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Since the early 1950s, Ecuador has been the world’s preferred choice for bananas. The South American country has achieved huge success in the wake of the “banana wars,” in which […]

Since the early 1950s, Ecuador has been the world’s preferred choice for bananas. The South American country has achieved huge success in the wake of the “banana wars,” in which Ecuador and other Latin American countries challenged the EU’s restrictive banana import regime. The dispute ended with the signing of an agreement in December 2009 that removed discriminatory restrictions on banana imports and stipulated that bound tariffs on bananas would be reduced to ‚¬114 per ton by 2017.

In the meantime, Ecuador has developed a highly independent banana industry that currently employs 14% of the population and produces almost 40% of traded bananas worldwide. In 2012, the Ecuadorean Association of Banana Exporters (AEBE) reported that over 250,000 hectares in Ecuador were dedicated to banana cultivation across 12 provinces. Guayas, Los Rí­os, and El Oro are the most important regions for production, and they contributed heavily to the total 280 million boxes of bananas that were exported in 2011. These exports were valued at $2 billion, with the majority destined for the US, Russia, and the EU. With fully integrated infrastructure and over 12,000 producers, Ecuadorean companies have specialized in offering value-added banana goods while maintaining a distinct consideration for environmental and community needs.

One such company is Reybanpac, Ecuador’s largest sustainable banana producer in terms of hectares. The enterprise has implemented a strategy of diversification and reinvestment to meet the needs of the banana industry and differentiate itself from the competition. To highlight the company’s strengths, Reybanpac is committed to minimizing environmental effects and supporting local communities. To promote its sustainable banana crops, the company works directly with local retailers abroad. “In England, for example, we sell directly to Tesco Supermarkets,” Vicente O. Wong, Deputy Director of Reybanpac, told TBY. “The current policy is to deal directly between the producer and the supermarket, and we have a high percentage of that.” This also contributes to the value of Reybanpac’s bananas, as they carry the ethical beliefs of the company across borders.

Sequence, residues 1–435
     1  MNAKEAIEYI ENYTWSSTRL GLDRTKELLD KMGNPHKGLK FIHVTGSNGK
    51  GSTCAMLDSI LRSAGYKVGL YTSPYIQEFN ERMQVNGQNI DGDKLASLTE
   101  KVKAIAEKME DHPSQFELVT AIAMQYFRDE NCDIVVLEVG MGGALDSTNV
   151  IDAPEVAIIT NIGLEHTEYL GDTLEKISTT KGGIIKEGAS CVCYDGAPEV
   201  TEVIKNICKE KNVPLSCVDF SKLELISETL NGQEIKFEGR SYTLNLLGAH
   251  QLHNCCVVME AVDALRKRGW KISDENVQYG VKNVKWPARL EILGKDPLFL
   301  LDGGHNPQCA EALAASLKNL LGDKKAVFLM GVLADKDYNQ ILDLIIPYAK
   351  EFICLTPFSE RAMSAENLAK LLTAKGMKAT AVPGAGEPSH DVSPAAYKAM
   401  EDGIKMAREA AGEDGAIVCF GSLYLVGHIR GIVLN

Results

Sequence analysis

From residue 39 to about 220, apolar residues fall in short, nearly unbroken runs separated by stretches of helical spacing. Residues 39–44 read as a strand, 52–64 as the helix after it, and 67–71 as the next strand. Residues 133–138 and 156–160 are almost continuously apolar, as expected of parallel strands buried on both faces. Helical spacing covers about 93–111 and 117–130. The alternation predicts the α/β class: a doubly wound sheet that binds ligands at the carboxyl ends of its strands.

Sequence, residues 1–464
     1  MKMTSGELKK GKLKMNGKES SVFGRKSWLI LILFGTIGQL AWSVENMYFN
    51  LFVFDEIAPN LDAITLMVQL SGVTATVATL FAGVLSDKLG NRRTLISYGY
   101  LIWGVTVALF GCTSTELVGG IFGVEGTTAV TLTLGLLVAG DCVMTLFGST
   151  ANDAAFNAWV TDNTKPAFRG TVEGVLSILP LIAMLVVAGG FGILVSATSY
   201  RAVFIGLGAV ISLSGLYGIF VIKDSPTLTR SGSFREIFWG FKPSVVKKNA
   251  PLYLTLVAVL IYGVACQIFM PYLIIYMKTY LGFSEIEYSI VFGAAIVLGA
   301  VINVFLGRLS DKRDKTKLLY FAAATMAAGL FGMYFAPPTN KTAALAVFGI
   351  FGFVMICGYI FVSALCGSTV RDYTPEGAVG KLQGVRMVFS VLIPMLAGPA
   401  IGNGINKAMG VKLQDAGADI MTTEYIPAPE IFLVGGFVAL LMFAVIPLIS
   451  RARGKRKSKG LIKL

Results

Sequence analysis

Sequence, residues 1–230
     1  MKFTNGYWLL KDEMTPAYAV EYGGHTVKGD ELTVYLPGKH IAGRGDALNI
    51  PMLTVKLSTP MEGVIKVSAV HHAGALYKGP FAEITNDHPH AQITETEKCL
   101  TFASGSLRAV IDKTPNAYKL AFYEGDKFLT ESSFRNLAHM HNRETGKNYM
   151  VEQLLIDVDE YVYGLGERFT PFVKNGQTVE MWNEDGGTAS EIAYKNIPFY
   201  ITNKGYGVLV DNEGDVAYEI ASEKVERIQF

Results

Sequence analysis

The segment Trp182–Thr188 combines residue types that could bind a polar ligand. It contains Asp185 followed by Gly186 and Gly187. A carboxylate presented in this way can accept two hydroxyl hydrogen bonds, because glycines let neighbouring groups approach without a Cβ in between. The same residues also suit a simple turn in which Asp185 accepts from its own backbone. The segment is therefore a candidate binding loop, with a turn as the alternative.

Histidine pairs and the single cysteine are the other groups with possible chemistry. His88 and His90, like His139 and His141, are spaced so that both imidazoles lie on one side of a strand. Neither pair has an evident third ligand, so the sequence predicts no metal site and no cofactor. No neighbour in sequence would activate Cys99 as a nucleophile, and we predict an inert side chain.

Leading the banana industry in terms of technology, international fruit company Dole lauds Ecuador as an excellent place to grow high-quality bananas. The advantageous climate provides plenty of sun and rain and there is an absence of storms, hurricanes, or wind to damage the crops. Moreover, the agreements in place with the local community have also contributed to Dole’s success. “We’d like to have the same standards in the other countries that we operate in. It all comes back to our relationships with growers and the quality of the workforce,” Peter Gilmore, General Manager of Dole told TBY. In addition, Dole prides itself on other corporate social responsibility projects such as distributing free bananas to school children and offering education programs about the health benefits of the fruit. At the same time, Dole’s exported bananas are handled carefully in containers that maintain freshness.

However, the explosion of the banana business has led to an increasing amount of oversupply, and the portion of the crop that is not sold early enough to meet international standards for export is generally distributed to the local population. Although the excess bananas do not go to waste, farmers and banana companies are forced to sell the crop at a lower price, often incurring a loss.

With the potential to begin exporting to prime markets such as Brazil, Turkey, and Iran, Ecuador’s dominance of the industry shows no signs of waning. The AEBE has demonstrated interest in capturing a larger portion of world banana trade, with the potential to boost its market share to 70%. “We need to reduce production costs and increase our annual production in order to offer cheaper products than our competitors,” Eduardo Ledesma, Executive Director of the AEBE, explained to TBY. With such possibilities on the horizon, the oversupply of bananas will be channeled to new markets and the number of jobs in the industry will continue to grow, reinforcing Ecuador’s position as the largest banana producer in the world.

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